Lhakpa Quendren

Gelephu — After missing several deadlines, Gelephu’s integrated vegetable shed is finally nearing its completion, by the end of September this year.

The construction of the shed started in February 2021, with the completion date scheduled for January 2022. But the thromde had to extend the deadline three times after the contractor could not meet the deadline.

Despite several extensions, Chukha Construction Private Limited once again requested for an extension until the end of September from the latest deadline, which was scheduled for September 21.

Construction’s site supervisor Ganesh Tamang said that they would implement the work schedule for night shifts to ensure timely completion. “We have currently over 30 labourers working at the site.”

As of now, about 90 percent of the structure has been completed, and electrification works are underway. Painting and flooring works remain to be completed. 

Ganesh Tamang said that construction faced several challenges during the pandemic, including a shortage of labourers and an escalation of the cost of construction materials. “Even when the labourers were available, the wage for local labourers was high.”

“Initially, we employed about 50 Bhutanese labourers, including students, who were paid a daily wage of Nu 1,000 per person. But the progress remained very slow for almost a year due to lack of skilled workers in the local workforce,” he said, adding that the work progress improved only after lifting the restrictions, which allowed the import of labourers.

Heavy rainfall and the congested site with a big drain behind the construction site have also hampered the work progress.

“We requested for the extension till December of this year during the second deadline revision. But we were given only a four-month extension,” he said.

The payment schedule between the contractor and the thromde, with the thromde releasing funds only after the completion of specific stages of the project, also contributed to the delay, Ganesh Tamang said.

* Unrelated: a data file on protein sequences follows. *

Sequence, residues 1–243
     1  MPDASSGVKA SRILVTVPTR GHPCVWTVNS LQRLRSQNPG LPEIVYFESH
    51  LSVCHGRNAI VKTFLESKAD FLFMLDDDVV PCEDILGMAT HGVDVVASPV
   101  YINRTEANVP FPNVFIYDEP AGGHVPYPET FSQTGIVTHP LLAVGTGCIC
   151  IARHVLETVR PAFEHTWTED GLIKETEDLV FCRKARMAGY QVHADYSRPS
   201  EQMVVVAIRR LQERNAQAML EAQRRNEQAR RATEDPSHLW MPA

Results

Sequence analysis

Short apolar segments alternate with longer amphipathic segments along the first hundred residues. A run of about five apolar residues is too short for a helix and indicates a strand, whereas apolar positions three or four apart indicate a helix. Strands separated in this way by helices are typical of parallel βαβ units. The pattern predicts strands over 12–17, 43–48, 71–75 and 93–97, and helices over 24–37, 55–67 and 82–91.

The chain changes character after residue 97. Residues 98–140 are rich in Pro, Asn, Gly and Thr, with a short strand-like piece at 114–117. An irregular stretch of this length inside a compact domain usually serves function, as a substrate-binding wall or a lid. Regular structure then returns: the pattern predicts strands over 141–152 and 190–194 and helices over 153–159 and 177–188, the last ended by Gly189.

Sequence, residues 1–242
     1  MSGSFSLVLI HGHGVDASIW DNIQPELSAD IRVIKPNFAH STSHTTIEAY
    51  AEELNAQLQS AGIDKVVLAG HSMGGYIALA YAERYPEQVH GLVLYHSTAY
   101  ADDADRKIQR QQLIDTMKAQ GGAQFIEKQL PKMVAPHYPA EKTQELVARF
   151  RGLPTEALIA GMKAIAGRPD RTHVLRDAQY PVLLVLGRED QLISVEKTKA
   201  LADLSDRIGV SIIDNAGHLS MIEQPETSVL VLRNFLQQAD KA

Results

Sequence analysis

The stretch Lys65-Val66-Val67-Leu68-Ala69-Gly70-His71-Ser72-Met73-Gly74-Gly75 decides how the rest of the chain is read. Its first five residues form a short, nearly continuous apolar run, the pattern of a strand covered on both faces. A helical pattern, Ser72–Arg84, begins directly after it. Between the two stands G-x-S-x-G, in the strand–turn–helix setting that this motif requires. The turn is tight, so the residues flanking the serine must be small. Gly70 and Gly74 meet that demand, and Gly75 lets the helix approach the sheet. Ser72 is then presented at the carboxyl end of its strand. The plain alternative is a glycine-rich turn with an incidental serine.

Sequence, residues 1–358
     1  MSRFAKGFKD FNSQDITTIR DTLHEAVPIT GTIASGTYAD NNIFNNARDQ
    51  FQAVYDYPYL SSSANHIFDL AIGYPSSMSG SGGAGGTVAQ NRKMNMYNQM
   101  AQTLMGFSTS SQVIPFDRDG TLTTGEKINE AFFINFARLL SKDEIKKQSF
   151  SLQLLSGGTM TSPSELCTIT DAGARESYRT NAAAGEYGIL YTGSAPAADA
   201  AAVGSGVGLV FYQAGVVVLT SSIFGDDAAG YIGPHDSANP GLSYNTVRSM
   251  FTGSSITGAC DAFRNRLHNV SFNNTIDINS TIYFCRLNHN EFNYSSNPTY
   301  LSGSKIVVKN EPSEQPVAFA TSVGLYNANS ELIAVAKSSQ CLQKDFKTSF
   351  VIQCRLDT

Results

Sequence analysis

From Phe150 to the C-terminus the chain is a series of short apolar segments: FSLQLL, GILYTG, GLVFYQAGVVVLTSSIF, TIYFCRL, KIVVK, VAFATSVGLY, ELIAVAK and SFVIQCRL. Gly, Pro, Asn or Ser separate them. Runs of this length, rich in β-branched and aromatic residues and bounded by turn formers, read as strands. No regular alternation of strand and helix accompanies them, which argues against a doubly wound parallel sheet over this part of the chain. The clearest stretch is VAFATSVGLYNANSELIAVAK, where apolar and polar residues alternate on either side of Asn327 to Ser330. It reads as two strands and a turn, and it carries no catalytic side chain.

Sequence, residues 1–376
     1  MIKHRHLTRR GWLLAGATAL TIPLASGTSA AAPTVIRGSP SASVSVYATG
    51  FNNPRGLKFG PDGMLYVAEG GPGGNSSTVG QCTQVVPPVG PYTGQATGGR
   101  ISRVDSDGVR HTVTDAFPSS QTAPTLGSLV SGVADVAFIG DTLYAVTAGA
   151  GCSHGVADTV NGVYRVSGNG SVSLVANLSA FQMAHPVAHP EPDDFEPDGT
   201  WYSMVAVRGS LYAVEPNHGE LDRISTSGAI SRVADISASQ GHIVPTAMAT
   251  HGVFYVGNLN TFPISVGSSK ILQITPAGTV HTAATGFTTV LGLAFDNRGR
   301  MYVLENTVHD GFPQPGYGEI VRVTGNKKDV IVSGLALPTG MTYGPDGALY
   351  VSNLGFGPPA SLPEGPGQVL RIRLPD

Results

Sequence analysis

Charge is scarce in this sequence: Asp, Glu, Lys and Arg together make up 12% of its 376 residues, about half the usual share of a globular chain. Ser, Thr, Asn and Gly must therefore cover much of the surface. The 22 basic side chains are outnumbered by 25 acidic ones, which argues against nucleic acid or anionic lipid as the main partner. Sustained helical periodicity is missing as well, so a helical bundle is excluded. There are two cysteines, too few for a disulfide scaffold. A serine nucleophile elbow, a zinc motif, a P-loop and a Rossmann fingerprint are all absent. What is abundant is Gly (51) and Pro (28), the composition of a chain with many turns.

Gelephu Thrompon Tshering Norbu said that the construction took place during the pandemic period. “Despite these challenges, the contractor did not abandon the works.”

Loday Jamtsho, a vendor, said that they had been eagerly waiting for the new shed due to several issues associated with the current vegetable shed. Rain seeped in through the shed during the monsoon and the direct heat under the CIG sheet created discomfort for vendors. “Without CCTV cameras, shops are vulnerable to theft.”

At the deteriorating shed, he said, the dirty water from the waste, which is piled above the shed, enters during the rainy season, which makes the site unhygienic. “The new shed has all the facilities, including public toilets that are lacking at the old shed.”

Meanwhile, the owners of small businesses set up in the current vegetable market are worried about their businesses since the thromde plans to convert the vegetable shed into a parking space after the new integrated vegetable shed is complete.

Sonam Yangzom, who sells religious items, said that her business would not be able to survive if they were asked to vacate the space. “I have looked for space in the town before I established my business four months ago. But the monthly rent for a tiny space is Nu 18,000, which is much higher than what I earn from the business.”

Tshering Norbu said, “This is also our concern. We will try to accumulate as many as possible depending on the availability of spaces.”

The two-storeyed integrated vegetable shed, opposite the current shed has 64 compartments, along with meat shops, attached public toilets, and an unloading shed, among others.

The project is funded by the Government of India’s small grants project at Nu 44 million.